Type of site
Available in English/Hebrew
Owner DEBKA Publications
Created by
  • Giora Shamis
  • Diane Shalem
Slogan(s) "We Start Where the Media Stop"
Alexa rank Increase21,957 (Global, April 2015)
Commercial Yes
Registration Optional
Launched June 2000 (2000-06)
Current status Online

DEBKAfile (Hebrew: תיק דבקה) is an Israeli military intelligence website based in Jerusalem, providing commentary and analyses on terrorism, intelligence, national security, military and international relations, with a particular focus on the Middle East. It is available in both English and Hebrew. The word "Debka" refers to an Arab folk dance.[1]


The site started in the summer of 2000, and is operated from the Jerusalem home of journalists Giora Shamis and Diane Shalem.[1] It has been awarded Forbes' Best of the Web award.[2] Forbes identifies the archives as the best part of the website, but warns that "most of the information is attributed to unidentified sources."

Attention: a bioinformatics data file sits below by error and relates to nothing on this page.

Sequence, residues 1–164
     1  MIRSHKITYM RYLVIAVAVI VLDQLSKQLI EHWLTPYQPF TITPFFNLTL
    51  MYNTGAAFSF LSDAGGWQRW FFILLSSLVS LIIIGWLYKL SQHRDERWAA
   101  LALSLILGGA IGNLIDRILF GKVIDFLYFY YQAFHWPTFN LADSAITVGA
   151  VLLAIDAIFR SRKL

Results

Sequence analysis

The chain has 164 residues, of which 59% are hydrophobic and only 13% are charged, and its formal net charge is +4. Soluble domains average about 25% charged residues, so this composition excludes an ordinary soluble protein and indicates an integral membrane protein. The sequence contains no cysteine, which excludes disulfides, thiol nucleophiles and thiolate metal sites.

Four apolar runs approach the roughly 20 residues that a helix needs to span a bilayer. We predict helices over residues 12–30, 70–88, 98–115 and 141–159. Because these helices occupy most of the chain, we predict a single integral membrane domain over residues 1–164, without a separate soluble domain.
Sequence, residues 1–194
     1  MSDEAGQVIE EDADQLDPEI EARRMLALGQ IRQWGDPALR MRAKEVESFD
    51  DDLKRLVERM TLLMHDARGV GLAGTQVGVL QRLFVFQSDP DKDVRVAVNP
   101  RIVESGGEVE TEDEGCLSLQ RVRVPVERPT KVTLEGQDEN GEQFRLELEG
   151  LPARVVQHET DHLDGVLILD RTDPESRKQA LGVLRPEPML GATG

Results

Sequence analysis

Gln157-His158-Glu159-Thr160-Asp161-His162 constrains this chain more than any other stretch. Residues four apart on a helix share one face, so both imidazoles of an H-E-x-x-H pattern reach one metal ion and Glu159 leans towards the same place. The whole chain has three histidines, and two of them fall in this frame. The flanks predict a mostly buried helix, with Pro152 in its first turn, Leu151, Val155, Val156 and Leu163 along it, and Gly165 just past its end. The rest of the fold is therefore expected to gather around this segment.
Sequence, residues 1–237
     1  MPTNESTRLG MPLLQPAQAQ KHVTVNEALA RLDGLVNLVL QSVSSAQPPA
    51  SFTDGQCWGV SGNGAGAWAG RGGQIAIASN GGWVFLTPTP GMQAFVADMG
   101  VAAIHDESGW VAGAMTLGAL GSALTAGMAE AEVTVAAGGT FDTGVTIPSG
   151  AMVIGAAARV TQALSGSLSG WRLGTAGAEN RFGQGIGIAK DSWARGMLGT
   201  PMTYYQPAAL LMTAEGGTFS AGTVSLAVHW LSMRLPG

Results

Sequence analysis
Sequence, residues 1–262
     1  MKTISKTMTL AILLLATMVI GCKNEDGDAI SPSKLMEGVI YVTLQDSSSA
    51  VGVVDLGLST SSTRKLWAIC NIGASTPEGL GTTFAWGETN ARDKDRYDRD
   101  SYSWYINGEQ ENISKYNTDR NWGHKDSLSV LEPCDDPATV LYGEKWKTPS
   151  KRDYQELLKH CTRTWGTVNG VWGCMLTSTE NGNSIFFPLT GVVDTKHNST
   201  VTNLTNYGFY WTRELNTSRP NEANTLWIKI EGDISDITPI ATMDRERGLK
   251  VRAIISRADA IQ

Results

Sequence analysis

The website was suspended in October 2014, following its own report of the illness of its chief editor.[3] The website resumed coverage in December 2014.

Criticism's Noah Shachtman wrote in 2001 that the site "clearly reports with a point of view; the site is unabashedly in the hawkish camp of Israeli politics".[4] Yediot Achronot investigative reporter Ronen Bergman states that the site relies on information from sources with an agenda, such as neo-conservative elements of the US Republican Party, "whose worldview is that the situation is bad and is only going to get worse," and that Israeli intelligence officials do not consider even 10 percent of the site's content to be reliable.[1] Cornell Law professor Michael C. Dorf calls Debka his "favorite alarmist Israeli website trading in rumors."[5]

The site's operators, in contrast, state that 80 percent of what Debka reports turns out to be true, and point to its year 2000 prediction that al-Qaeda would again strike the World Trade Center, and that it had warned well before the 2006 war in Lebanon that Hezbollah had amassed 12,000 Katyusha rockets pointed at northern Israel.[1]


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